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På skive


«Lake of Light: Compositions for AquaSonics»

The AquaSonic waterphone is a hand-crafted instrument that was invented by American artist Richard Waters. It produces hauntingly ethereal sounds similar to the songs of humpback whales or the eerie sounds produced by the theremin. The AquaSonic waterphone contains a small amount of water which moves around inside the waterphone, and causes constant changes in pitch. It can be played by bowing the tone rods using a violin or cello bow, or played permissively by lightly drumming with a mallet, drum sticks or by hand.

Legendary double bass player, multi-instrumentalist, composer, writer and activist William Parker uses a version of this unique instrument built by his close associate, drummer-percussionist-master craftsman Jackson Krall. This instrument was featured in Parker’s last year, epic composition «Healing Songs From The Tone World». Parker, together with the AquaSonic waterphone section of that epic composition – visual artists Anne Humanfeld (featured in Parker’s book, «Voices in the First Person: Art and Language», Centering Music, 2014) and Jeff Schlanger (who did the artwork for several albums of Parker), and the Estonian, New York-based drummer-composer Leonid Galaganov, recorded on February 2017 Parker’s seven compositions for AquaSonic waterphone quartet.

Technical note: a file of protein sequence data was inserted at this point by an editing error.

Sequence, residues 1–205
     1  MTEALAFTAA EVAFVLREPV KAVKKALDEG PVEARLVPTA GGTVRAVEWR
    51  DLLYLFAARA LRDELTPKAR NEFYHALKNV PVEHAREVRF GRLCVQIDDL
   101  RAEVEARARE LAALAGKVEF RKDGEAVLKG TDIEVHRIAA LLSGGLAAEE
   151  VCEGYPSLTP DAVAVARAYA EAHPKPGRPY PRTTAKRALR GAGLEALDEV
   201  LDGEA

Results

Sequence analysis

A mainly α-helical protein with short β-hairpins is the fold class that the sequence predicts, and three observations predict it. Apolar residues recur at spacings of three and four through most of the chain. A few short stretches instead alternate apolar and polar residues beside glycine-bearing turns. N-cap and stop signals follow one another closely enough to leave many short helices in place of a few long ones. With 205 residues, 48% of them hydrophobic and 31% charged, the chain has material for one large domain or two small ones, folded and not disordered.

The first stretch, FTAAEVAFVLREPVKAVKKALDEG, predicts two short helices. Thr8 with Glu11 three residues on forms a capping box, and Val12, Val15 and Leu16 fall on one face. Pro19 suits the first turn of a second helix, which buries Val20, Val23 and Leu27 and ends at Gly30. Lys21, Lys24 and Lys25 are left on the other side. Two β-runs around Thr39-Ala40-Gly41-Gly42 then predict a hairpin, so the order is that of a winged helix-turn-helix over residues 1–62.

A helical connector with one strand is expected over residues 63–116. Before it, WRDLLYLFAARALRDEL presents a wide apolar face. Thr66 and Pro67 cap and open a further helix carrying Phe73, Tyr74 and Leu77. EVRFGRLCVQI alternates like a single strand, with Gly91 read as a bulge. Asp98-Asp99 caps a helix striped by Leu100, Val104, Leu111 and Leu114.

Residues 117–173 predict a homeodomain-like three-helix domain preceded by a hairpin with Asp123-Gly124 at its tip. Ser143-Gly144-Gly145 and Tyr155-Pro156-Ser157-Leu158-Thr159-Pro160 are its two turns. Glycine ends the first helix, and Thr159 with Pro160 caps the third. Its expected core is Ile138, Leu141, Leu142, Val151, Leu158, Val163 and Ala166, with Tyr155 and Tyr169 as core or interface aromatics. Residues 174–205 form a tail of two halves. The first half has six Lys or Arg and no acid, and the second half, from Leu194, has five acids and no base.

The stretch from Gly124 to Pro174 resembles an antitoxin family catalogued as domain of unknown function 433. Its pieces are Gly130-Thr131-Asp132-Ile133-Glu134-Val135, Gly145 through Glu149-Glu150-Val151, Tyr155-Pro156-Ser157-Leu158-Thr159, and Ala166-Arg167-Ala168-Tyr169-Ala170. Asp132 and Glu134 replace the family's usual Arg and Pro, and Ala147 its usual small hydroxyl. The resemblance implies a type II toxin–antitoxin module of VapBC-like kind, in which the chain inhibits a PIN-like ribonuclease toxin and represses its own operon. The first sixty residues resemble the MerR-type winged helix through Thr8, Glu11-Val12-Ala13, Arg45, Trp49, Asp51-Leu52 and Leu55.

«Lake of Light» sounds like nothing that Parker has recorded before. The first impression is of a quiet, minimalist journey with the cosmic sounds of the AquaSonic waterphones, as offered on the opening «shifting Resonance».

This strong, meditative atmosphere convince you to dive – literally – into the light, resonant sounds of the bowed and the touched instruments and flow and float with their overtones. But later pieces suggest a more complex and completely different tones. The dynamics become more tense, sometimes even stormy, and the still resonant textures are comprised of disturbing, disorienting sounds and even cacophonic noises. The quartet resumes its spiritual vibe on the 17-minutes title piece, but in in a more nuanced mode. The bowed AquaSonic waterphones offer layers upon layers of fragile sounds and overtones, but these atmospheric sounds does not have the former meditative effect. Thes quartet offers now a deeper mode of listening, exploring a deeper, multi-layered spectrum of timbres that cover a wide range of colors and shades, from the delicate to the most weird and alien ones. The last piece, «Action», introduces a new emphatic and playful mode that balances the quartet all experiences with these unique instruments.

Eyal Hareuveni

William Parker (AquaSonic), Jeff Schlanger (AquaSonic), Anne Humanfeld (AquaSonic), Leonid Galaganov (AquaSonic)

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